Petkeen is reader-supported. When you buy through links on our site, we may earn an affiliate commision. Learn More
2 Reasons Why Your Pet Turtle Is Hissing
Turtles are pretty quiet animals, but they do make some noises, such as hissing. If you notice your turtle hissing every once in a while, you probably don’t have anything to worry about. However, frequent hissing often means that your turtle is scared or frightened, though it is not a sound of warning.
To find out more about why your turtle is hissing, read on. In this article, we look at the two top reasons for a turtle hissing and things you can do about it. At the end, we mention other sounds you may want to listen to from your turtle. Let’s get started.
What Does It Mean If My Turtle Is Hissing?
Turtles do not have vocal cords, but they can make noises. The noise you may hear the most is the hissing sound. This hissing noise isn’t produced vocally. Instead, the sound occurs whenever air is expelled from the turtle’s lungs. Turtles don’t actively make this noise – it is just an involuntary noise they make.
Most often, turtles hiss whenever they retract their head back into their shell. Whenever your turtle does this, the air in its lungs is expelled rapidly, creating the hissing sound. Although the noise may sound a bit scary, it is nothing to worry about.
Instead, the hissing sound simply means that the turtle’s body is reacting and working as it should whenever it retracts its head. Some experts hypothesize that this hissing sound developed as a defense tactic in the wild. Even though the hissing is nothing to be scared of, it may sound menacing to a predator, helping to protect the turtle when it goes into its shell.
With that being said, some turtles hiss more than others. For example, snapping turtles are known to hiss quite a lot because they retract their head into their shells more often. More aggressive species generally hiss more than nonaggressive ones. Red Eared Sliders are also known for hissing quite a bit, especially when handled.
Should I Be Scared If My Turtle Hisses?
No. You have no reason to be afraid whenever your turtle hisses. Unlike other animals, a turtle’s hiss is not a sign of warning. It is an involuntary sound that they cannot control.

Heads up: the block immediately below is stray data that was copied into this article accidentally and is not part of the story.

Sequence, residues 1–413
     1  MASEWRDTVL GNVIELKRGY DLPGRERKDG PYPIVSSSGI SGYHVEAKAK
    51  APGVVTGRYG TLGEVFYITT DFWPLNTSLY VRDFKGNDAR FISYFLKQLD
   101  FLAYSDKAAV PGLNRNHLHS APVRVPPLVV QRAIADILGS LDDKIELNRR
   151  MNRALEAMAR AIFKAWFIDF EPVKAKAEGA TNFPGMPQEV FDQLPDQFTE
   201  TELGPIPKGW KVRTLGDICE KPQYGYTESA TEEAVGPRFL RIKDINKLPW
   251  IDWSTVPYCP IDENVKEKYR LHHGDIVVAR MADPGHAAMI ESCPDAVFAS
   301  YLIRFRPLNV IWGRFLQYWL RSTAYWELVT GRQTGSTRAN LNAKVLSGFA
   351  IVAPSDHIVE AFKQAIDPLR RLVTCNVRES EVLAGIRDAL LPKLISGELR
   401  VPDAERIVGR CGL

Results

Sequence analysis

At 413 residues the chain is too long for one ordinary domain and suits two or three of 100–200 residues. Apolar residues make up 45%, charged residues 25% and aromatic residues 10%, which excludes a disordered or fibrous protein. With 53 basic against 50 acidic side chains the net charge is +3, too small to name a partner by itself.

2 Reasons Why Your Pet Turtle Is Hissing
1. It is simply retracting into its shell.
As we mentioned above, turtles hiss whenever they retract their head into its shell. If you hear your turtle hiss every once in a while, it is simply because the turtle is retracting into its shell. A turtle going into its shell does not necessarily mean it is stressed or scared if it only does so a healthy amount.
In this case, you have absolutely nothing to worry about with your turtle. It is happy and healthy and is simply retracting into its home.
2. It’s scared.
If your turtle retracts into its shell often and in a very rapid motion, it is likely hissing because it is scared. A turtle’s natural defense mechanism is to go into its show whenever it detects danger. When this happens, the turtle naturally hisses from the motion.
You can often tell that your turtle is scared by noticing how often it hisses and when. If your turtle frequently hisses, especially in a rapid motion, it is likely scared. If you notice your turtle makes this noise and retracts every time that it’s handled, it is likely scared of you and you need to be more patient with it.
What You Can Do About It
As we learned above, the hissing sound is involuntary, meaning turtles don’t do it on purpose. It is simply the air expelling from the turtle’s lungs as it retracts into its shells. For this reason, you can’t technically do anything about the hissing sound since it is involuntary.
With that being said, the noise can be caused whenever the turtle becomes scared or alarmed. If your turtle hisses frequently whenever it is approached by people or finds itself in certain scenarios, it is likely scared. Try to remove the stressful or scary situation from the turtle. This won’t stop the turtle from hissing per se, but it will make it hiss less since it is no longer scared.
If you notice that your turtle hisses quite a bit whenever you go to pick it up, be gentle and cautious around it. Remember, turtles are prey animals and may view you as a potential predator. Slowly introduce the turtle to your hand and gradually expose it to more people and handling as it becomes more comfortable.
Other Sounds to Listen For
Hissing is not the only sound you may hear from your turtle. You may hear aquatic turtles make a clicking sound whenever they are basking. This is often a good sign, but make sure that your turtle is not being bullied by others if it is clicking a whole lot.
If you hear your turtle making a gurgling noise, you need to see an exotic vet immediately. Gurgling is a top sign for respiratory disease. Respiratory diseases are often caused by too low of temperatures within the turtle’s tank.
If you hear your pet turtle hissing, you don’t have to be alarmed or afraid that the turtle will bite you. The sound is simply created whenever the turtle retracts its head into its shell since air is expelled from the turtle’s lungs in the process.
Your turtle may make this sound whenever it slowly brings its head into its shell, but you are likely to hear it whenever your turtle is frightened. Alleviating the cause of stress will help your turtle make this noise less frequently, but there’s nothing you can do about the sound in and of itself since it is involuntary.
Featured Image Credit: LAM-Photography, Shutterstock
Nicole is the proud mom of Baby, a Burmese cat and Rosa, a New Zealand Huntaway. A Canadian expat, Nicole now lives on a lush forest property with her Kiwi husband in New Zealand. She has a strong love for all animals of all shapes and sizes (and particularly loves a good interspecies friendship) and wants to share her animal knowledge and other experts’ knowledge with pet lovers across the globe.